Early Drinking May Speed Alcohol Dependence
By Anne Harding
NEW YORK (Reuters Health) – People who begin to drink alcohol before the age of 14 years are not only more likely to become alcoholics than those who stay away from alcohol until they’re 21; they also develop dependence on alcohol faster, and face a longer struggle with alcohol throughout their lives, a new study shows.
"It’s not to say that people don’t get over this, but…they’re at greater lifelong risk, particularly if they develop dependence so rapidly that they have it this early in life," the study’s lead author, Dr. Ralph W. Hingson of Boston University School of Public Health’s Youth Alcohol Prevention Center, told Reuters Health.
There is mounting evidence that people who start drinking early are more likely to become alcohol dependent, Hingson and his team note in the July issue of the Archives of Pediatrics and Adolescent Medicine. To investigate whether they may also become alcohol dependent at a younger age, the researchers analyzed the results of a 2001-2002 survey of 43,093 adults conducted by the National Institute on Alcohol Abuse and Alcoholism.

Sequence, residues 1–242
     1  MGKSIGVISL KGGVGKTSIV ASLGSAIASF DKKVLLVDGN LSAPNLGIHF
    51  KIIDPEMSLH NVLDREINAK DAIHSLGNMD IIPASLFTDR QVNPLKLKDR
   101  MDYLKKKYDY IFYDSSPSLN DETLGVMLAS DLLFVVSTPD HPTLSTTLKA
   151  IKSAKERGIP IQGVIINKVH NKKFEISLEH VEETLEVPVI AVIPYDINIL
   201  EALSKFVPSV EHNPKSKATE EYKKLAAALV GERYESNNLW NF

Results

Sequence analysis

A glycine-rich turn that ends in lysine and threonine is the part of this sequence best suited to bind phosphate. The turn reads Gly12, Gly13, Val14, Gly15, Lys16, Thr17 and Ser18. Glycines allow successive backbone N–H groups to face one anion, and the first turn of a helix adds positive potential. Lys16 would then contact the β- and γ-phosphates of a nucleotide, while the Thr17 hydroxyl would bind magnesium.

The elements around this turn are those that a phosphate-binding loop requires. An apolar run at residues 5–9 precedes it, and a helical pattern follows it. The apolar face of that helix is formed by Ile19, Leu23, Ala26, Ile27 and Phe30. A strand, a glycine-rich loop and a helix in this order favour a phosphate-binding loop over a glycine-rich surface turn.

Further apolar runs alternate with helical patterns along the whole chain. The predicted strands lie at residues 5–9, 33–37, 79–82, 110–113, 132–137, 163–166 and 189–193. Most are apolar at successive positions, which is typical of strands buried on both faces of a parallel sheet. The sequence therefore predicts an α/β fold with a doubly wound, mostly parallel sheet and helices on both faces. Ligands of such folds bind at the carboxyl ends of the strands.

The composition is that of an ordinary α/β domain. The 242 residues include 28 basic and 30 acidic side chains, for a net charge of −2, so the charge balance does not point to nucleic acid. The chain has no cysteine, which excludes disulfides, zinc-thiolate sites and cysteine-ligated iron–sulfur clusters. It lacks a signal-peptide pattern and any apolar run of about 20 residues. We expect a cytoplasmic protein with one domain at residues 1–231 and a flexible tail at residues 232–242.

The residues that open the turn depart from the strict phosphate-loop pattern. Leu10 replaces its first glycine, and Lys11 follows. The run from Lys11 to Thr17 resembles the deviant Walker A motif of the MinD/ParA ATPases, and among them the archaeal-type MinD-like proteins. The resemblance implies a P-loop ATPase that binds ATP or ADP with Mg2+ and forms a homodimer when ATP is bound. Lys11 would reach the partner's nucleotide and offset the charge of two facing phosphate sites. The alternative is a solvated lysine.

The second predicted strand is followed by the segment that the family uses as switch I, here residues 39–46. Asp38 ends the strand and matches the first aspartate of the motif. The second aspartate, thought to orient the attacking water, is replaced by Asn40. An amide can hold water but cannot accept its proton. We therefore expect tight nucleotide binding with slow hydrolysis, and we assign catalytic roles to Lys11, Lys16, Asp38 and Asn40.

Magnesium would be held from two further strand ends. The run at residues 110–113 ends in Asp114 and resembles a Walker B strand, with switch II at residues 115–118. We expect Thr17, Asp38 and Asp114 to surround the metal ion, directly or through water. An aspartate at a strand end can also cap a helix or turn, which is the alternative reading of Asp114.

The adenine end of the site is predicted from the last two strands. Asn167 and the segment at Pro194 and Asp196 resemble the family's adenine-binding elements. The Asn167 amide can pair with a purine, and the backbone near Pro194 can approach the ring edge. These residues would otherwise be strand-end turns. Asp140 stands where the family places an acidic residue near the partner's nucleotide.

The researchers found that 47 percent of people who had started drinking before age 14 met criteria for alcohol dependence within 10 years, compared to 4 percent of those who started drinking at age 21. Twenty-seven percent of the men and women who started drinking before age 14 were alcohol dependent before the age of 25, compared with 4 percent of those who began drinking at 21.
Using statistical techniques, the researchers factored in the influence of multiple factors that could be related to early drinking and the development of alcohol dependence, such as antisocial behavior during childhood, a family history of alcoholism, depression and education level.
Even after controlling for such factors, people who started drinking early were 2.6 times more likely to have episodes of alcohol dependence lasting longer than year and nearly three times as likely to have 6 to 7 symptoms of alcohol dependence versus 3 to 5 symptoms.
The findings underscore the dangers of early alcohol use, Hingson and his team note, and raise the possibility that efforts to help prevent drinking among teens, such as raising the drinking age to 21, could reduce the rates of alcohol dependence.
"We think it’s very important that adolescents routinely be asked about their drinking practices by their health care providers," Hingson told Reuters Health. "There are interventions that we know can make a difference."
SOURCE: Archives of Pediatrics and Adolescent Medicine, July 2006.